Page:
In October 1990, 75,000-80,000 Muslims were evicted from their northern homeland in the wake of increasing hostilities and armed conflict in the north and east; return and resettlement has not been easy for any community
One day, on a day after tomorrow,
I too will return to my land
with mine and my own, and all around me,
to give life to a lovely spreading tree,
touching the skies,
growing from the root, still breathing.
On that day, your
brothers, and sisters, little then,
now grown, will have made
a new place in a new time.
Will they embrace us in a warm welcome
or turn away? Or, will they merely turn around,
without welcome, without word.
– Mullai Mustheefa in ‘Iruthalin Azhaippu’
Thirty years ago. In October 1990, 75,000-80,000 Muslims were evicted from their northern homeland in the wake of increasing hostilities and armed conflict in the north and east.
The LTTE which was dominant militarily in the north at that time and controlled large swathes of territory ordered an entire community to leave the province in two days with only a shopping bag and 500 rupees. In Jaffna peninsula they were given a mere two hours’ notice.
Today, 30 years later, as we remember the eviction and memorialise it, and as we remember the pain of its brutal injustice, we also remember that all of us, Tamils and Muslims, lost a part of ourselves that day.
The war had been cruel, and both our communities had been torn apart. Both the communities had been uprooted from their domiciles repeatedly, in the bombing and shelling, in the brutality of State militarisation and in the brutality of militancy. 30 years later, we are still looking for answers to all our concerns and feel the need for solidarity.
A viable political solution
While it is 11 years since the war drew to a close, the ethnic conflict and the issues it spawned are far from resolved. The quest for a viable political solution from a majoritarian state is a primary concern for many of us.
Continued insecurity in the face of militarisation is an urgent matter. Armed militancy and a political culture of violence that characterised the past, have further eroded into the democratic fabric of society. Resettlement and rehabilitation remain unresolved problems.
Distribution of land, access to State and social networks, language parity, devolution of power, inter-ethnic reconciliation and the continued presence of gender, class and caste stratifications are a part of the political landscape.
Also, the ongoing crisis triggered by the pandemic will lead us into an economic depression and greater authoritarianism, creating a sense of overwhelming fear and polarisation of perceptions, locally and nationally.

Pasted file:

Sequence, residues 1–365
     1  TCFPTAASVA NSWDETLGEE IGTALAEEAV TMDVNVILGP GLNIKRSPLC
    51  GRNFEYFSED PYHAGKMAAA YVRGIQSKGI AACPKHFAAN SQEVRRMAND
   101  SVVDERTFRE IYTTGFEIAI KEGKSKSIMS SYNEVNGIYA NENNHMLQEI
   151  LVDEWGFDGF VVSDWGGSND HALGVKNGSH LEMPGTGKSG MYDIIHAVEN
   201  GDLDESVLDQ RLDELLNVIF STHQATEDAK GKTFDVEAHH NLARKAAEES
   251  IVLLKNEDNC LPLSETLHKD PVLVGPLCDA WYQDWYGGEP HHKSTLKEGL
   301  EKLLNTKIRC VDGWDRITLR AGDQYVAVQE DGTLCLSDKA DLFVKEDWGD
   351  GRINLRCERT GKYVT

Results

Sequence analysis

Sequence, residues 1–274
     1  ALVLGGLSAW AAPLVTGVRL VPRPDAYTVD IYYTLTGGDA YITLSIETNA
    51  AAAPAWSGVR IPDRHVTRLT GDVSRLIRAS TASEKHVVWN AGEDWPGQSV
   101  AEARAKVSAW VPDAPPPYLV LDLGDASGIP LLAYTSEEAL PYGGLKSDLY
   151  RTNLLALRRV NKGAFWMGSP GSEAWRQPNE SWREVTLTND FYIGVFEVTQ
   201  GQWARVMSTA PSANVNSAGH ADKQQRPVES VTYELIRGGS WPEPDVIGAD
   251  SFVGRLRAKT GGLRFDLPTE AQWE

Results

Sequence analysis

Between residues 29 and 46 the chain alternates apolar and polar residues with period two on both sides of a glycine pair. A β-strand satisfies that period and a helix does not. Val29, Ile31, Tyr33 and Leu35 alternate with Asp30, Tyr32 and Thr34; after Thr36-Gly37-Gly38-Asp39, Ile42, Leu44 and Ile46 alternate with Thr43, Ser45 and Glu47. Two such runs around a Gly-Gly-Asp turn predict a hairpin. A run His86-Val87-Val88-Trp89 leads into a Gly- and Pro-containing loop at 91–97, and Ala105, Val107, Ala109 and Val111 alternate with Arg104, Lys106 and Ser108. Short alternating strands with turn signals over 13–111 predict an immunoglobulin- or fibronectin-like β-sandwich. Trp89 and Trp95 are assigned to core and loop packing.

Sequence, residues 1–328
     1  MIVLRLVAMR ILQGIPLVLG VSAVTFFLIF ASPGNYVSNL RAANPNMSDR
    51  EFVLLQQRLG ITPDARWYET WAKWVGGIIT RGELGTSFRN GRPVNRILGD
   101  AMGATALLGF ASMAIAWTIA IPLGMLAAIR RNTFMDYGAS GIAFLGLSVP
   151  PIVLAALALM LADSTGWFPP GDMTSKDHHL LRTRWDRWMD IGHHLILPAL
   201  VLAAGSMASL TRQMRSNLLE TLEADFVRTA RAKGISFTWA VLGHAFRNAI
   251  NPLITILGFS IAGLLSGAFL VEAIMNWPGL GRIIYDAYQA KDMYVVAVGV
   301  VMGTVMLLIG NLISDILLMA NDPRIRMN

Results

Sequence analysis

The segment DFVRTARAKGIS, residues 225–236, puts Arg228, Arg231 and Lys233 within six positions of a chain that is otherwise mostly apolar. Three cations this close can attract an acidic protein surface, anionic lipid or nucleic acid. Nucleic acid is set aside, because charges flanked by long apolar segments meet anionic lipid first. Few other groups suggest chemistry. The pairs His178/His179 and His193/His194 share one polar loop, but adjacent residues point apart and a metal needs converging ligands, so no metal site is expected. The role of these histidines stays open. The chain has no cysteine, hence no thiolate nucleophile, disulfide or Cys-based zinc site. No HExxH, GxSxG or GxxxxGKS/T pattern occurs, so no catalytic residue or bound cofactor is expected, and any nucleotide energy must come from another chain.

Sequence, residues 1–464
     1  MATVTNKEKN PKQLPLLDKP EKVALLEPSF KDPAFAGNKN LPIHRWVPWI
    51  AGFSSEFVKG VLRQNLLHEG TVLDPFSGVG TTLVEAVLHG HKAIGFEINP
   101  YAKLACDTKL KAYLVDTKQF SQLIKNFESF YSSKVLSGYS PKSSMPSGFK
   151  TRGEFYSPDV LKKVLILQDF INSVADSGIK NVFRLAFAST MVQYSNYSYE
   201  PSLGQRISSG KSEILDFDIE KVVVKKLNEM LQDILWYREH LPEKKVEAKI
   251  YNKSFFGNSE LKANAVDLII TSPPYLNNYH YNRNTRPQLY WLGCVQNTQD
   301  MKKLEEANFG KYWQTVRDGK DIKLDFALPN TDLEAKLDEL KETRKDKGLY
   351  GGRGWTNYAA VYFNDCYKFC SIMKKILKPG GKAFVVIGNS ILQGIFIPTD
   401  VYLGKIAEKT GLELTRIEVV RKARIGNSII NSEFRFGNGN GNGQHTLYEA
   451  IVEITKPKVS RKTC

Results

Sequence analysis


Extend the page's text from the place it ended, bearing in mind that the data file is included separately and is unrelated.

Public disavowal of the eviction
Today, as we are compelled to forge new paths of activism for our own survival, we need to formulate responses that are born out of dialogue between and among communities. This is essential if we are seeking a just and democratic political solution.
As a step toward this, there has to be a public disavowal of the eviction from all parties concerned, political and civil. We shall wholeheartedly say that never again will such a heinous act like the eviction take place amidst us. Never again shall we condone such acts of ethnic cleansing amidst us.
Our survival in the north as human subjects rests on the social, political and economic inter dependence of Tamils, Muslims and other communities in the region.
Return and resettlement
Return and resettlement in the war-torn north and east of the country had been a thorny issue from the very beginning. Return has not been easy for any community. It has not been easy for the Tamil community. In this fraught reconstruction process, the return and resettlement of Muslims has received scant attention.
Return is costly as it involves building a home and society from scratch. It entails finding a viable path to a livelihood in a new and often hostile environment. The natural increase of the community during the 30 years of displacement implies that in resettlement one needs to acquire more land to meet the needs of a community. Land and dwellings had been lost of jungle in many places.
Often returnees found in their lands and homes that they left long ago displaced Tamils, who themselves had lost their own land over time in the war. Two displaced and marginalised communities often find themselves locked in a contest for land, and other resources. Competition over allocations, jobs, schools and other distributory mechanisms are mired in battles that bring up old wounds. The younger generations have no context for this return and resettlement, which exacerbates the situation.
The establishment of military bases in some areas, the appropriation of land for roads and development projects have further complicated the problem, complicating the politics of reclaiming land. These have exacerbated relations between the Tamil and Muslim communities. But these are not intractable problems. We can resolve them if there is political will.